Professor Katherine Hines
October 20, 2015
A Comparison of ‘I Have a Dream’ and ‘Letter from Birmingham Jail’
Martin Luther King Jr., known for his contribution to the Civil Rights Movement, is regarded as a fluent and motivational speaker. This was evidenced by his most famous speech, ‘I Have a Dream’, which he delivered during an organized demonstration in Birmingham. After this event, King and some of his supporters were imprisoned. Following criticisms for his actions, he wrote a letter from Birmingham jail, justifying his actions and reaffirming his dedication to the Movement. This essay briefly describes the similarities and differences between the ideas expressed in the two pieces of writing, such as ideas of the American Dream and the widespread violation of justice for Blacks.
Ideas of the American Dream surface in both ‘I Have a Dream’ and ‘Letter from Birmingham Jail’. The two articles are packed with references to the American Dream, particularly as it relates to equality, justice and freedom of expression, and access to opportunities for social mobility. However, ‘I Have a Dream’ contains more ideas of what it means to be American, given the fact that King was addressing an audience of thousands of people, the majority of whom were Blacks. The language in his speech is thus motivational, aimed at stirring the Blacks into nonviolent protest for their civil rights. He makes a striking reference to the Blacks ‘cashing the check’ that was granted a century earlier in the Emancipation Proclamation. This reference is important since money is an essential element of the American Dream. Also, King uses more imperative language in trying to motivate African Americans to demand their rights.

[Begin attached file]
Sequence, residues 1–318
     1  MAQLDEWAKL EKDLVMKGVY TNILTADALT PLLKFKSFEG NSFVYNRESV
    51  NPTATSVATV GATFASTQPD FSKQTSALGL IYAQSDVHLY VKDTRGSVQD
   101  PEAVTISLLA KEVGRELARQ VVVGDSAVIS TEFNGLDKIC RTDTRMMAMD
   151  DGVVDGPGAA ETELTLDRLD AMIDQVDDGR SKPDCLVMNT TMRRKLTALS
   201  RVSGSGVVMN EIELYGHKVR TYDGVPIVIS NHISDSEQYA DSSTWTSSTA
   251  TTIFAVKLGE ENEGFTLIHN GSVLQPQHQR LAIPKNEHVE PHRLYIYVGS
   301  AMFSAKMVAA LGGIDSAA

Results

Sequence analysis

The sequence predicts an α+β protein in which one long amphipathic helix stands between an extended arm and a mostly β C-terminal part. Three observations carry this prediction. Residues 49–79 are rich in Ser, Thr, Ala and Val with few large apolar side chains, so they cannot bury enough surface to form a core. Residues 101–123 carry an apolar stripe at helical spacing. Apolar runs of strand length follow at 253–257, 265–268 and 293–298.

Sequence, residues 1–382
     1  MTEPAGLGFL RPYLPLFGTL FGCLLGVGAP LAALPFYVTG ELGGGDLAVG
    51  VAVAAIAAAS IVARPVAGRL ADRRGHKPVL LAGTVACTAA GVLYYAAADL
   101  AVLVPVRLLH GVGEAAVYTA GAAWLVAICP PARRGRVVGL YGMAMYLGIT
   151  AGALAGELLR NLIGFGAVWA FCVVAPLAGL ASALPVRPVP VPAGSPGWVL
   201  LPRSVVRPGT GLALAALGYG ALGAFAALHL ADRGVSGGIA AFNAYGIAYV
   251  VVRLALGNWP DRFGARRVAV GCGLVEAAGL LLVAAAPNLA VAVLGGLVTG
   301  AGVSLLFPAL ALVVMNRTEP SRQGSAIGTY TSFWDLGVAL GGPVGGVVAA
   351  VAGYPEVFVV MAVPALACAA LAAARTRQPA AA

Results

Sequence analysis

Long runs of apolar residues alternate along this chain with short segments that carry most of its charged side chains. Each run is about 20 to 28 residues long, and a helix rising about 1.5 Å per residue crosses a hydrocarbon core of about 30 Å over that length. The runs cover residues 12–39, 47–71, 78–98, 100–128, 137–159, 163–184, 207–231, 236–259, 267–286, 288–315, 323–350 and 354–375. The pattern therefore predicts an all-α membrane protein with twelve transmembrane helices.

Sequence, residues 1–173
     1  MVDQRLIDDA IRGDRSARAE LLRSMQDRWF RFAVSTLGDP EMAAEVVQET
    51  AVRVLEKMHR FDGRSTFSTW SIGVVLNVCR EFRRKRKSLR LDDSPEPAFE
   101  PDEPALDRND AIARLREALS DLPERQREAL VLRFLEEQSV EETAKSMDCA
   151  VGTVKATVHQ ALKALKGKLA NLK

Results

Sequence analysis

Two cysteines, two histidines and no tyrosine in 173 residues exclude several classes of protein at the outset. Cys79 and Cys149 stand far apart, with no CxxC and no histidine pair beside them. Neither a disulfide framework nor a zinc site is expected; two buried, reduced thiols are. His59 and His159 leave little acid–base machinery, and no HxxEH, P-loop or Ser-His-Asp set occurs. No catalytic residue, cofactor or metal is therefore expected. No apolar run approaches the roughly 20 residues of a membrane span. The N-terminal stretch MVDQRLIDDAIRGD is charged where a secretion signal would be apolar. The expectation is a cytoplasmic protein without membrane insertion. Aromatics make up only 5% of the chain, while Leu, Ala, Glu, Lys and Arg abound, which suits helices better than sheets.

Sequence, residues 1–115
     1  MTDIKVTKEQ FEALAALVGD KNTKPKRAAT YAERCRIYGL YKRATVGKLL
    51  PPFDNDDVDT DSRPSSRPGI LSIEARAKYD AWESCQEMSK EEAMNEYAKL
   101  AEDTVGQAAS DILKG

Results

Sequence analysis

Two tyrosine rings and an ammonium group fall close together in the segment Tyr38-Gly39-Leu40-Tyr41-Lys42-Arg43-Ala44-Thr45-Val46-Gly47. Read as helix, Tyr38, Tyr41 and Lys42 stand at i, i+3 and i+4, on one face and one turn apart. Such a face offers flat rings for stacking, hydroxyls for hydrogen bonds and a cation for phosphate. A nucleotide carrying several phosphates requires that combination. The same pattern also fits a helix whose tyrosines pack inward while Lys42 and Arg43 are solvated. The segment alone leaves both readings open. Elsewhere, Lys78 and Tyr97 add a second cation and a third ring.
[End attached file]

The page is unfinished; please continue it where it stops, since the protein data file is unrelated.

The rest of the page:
On the other hand, because ‘Letter from Birmingham’ was addressed to the few clergymen who were critical of King’s actions in a state to which he did not belong, the ideas are more personal and defensive. The personal nature of his…